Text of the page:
During the 2012 Mexican presidential campaign, candidate Enrique Pena Nieto assured voters that if elected he would pursue a new and far less violent approach to reducing the threat to national order posed by Mexico's criminal cartels.
"Pena 2012" guaranteed Mexico's beleaguered citizens he would be a very different leader than their current president, Felipe Calderon. Since Mexican presidents serve a single six-year term, Calderon wasn't Pena's election opponent. However, la guerra contra el narcotrafico (the Cartel War) and Calderon's security policies were justifiably major election issues.
Pena 2012 portrayed Calderon's record as one of overreaction and subsequent failure. The media-savvy Pena accused the media-savaged Calderon of committing a stupid blunder. In mid-December 2006, less than two weeks after his own inauguration, Calderon ordered the Mexican Army to quell cartel-inspired violence in the western state of Michoacan.
According to Pena's campaign narrative, the Cartel War was not a war. Calderon's hasty decision to use the armed forces militarized a law enforcement problem. Combat soldiers are not trained to investigate crimes. Mexico needs well-armed police to defeat the cartels, like a national gendarmerie. Yes, Pena said, Mexican Army soldiers can provide security, but when confronting criminal cartels they should be the force of last resort.
For seven decades, until the 2000 election, Pena's Institutional Revolutionary Party (PRI) dominated Mexico. This is a hard truth: The PRI's corruption and cronyism created the Mexico in which narcotics trafficking organizations thrive. Corrupted institutions nurtured by 70 years of one-party domination don't disappear in a dozen years. The PRI's legacy of corruption, to include conniving with organized crime, sapped Pena's campaign. Attacking Calderon's alleged ineptitude deflected criticism of the PRI.
To the immense benefit of Pena's narrative, PRI politicians wield inordinate influence over major Mexican media, particularly television. Emotionally charged 2012 critiques of Calderon rarely included an accurate historical summary of the murderous chaos afflicting Michoacan in fall 2006. You can find the facts exist. On Dec. 12, 2006, the BBC reported that drug gangs controlled territory within Michoacan and the "state's Pacific coastline has become a haven for drug traffickers." In 2006, the gangs murdered over 500 people.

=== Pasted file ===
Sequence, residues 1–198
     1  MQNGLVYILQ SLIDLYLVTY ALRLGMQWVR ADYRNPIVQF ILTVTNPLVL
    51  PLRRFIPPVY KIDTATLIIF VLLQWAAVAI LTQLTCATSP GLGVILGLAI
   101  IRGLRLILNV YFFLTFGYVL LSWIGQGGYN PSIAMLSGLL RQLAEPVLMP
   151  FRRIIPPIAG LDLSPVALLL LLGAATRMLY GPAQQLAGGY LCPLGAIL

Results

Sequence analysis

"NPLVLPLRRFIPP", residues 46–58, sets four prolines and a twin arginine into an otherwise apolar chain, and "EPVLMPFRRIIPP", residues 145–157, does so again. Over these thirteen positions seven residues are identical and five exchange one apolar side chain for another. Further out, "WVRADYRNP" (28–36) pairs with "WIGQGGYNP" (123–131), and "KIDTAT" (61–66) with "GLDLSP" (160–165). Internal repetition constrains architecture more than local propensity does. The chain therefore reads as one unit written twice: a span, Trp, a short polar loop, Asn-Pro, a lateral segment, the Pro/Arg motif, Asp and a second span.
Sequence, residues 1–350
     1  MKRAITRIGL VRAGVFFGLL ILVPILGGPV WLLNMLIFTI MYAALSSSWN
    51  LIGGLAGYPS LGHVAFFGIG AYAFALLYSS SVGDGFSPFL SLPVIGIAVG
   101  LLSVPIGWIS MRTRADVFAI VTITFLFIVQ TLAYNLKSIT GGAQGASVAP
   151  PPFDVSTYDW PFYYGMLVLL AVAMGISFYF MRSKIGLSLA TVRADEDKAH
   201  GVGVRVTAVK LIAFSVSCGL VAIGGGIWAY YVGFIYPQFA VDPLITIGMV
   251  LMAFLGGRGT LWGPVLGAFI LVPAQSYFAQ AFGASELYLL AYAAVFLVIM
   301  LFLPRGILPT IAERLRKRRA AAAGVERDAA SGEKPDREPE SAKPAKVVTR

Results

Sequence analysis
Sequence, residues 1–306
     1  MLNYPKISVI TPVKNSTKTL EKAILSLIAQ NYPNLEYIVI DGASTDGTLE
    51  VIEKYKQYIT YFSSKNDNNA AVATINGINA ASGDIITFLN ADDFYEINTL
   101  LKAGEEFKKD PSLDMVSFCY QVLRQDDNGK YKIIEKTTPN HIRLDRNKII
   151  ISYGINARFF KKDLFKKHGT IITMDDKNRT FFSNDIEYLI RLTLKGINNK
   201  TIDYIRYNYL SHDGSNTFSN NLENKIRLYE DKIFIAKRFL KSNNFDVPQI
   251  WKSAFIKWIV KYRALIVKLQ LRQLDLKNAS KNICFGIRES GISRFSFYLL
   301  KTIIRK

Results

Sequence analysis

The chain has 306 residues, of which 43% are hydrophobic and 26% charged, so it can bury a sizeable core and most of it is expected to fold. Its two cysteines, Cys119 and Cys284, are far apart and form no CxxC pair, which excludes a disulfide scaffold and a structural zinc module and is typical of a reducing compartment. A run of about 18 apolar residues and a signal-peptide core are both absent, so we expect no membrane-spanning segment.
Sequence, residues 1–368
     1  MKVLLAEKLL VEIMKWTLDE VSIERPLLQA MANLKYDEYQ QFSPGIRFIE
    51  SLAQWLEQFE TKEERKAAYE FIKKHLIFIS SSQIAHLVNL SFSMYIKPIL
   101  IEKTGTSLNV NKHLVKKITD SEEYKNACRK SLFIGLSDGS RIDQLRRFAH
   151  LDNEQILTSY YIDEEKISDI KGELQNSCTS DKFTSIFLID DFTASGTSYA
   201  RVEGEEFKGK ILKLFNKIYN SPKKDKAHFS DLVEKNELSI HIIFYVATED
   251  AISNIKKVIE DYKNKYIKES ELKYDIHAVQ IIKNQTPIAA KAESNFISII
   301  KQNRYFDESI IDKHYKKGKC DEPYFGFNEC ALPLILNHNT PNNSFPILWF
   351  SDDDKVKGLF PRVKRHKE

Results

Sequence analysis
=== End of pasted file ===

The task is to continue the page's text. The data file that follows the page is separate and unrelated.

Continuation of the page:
The BBC noted that Calderon's "Joint Operation Michoacan" involved federal police, military personnel, federal investigative agents and federal prosecutors.
Calderon decided to use the military as a last resort, and even then, he used it as part of a security team. Here are two reasons he made the decision: (1) Drug gang firepower and cash had overwhelmed local police forces and government institutions. (2) The Mexican people knew they could rely on their military because it was the one institution the PRI had never completely corrupted.
Calderon understood that the Cartel War was a particularly dangerous (and likely decade-long) phase of a complex, multi-decade effort to modernize Mexico and eliminate the corruption that undermines government institutions. He established astute judicial and police reform programs designed to produce trustworthy and competent police forces capable of replacing the military as the lead agency. These reforms, however, will take years to succeed, and many of these interim years will be violent.
Which brings us to President Pena -- Pena 2013 -- and his security options.
In early May, Pena sent 1,000 federal policemen to Michoacan to combat cartel violence. Pena gave over all operational command to an army general. On May 20, 4,000 soldiers and marines reinforced the police. The increasing number of community defense militias (comunitarios) spurred Pena's act with decisive force. Though often characterized as vigilante groups, federal officials now admit that the gangs threaten rural Michoacan village; local police are either unreliable or outgunned; lacking military protection, villagers defend themselves.
Reality 2013 guts Pena's 2012 narrative. The crisis -- his crisis -- in Michoacan cannot wait. The Michoacan operation is Pena's first major military operation. If he really is the new, reformed PRI president he claims to be, it will not be his last.
Austin Bay is the author of three novels. His third novel, The Wrong Side of Brightness, was published by Putnam/Jove in June 2003. He has also co-authored four non-fiction books, to include A Quick and Dirty Guide to War: Third Edition (with James Dunnigan, Morrow, 1996).
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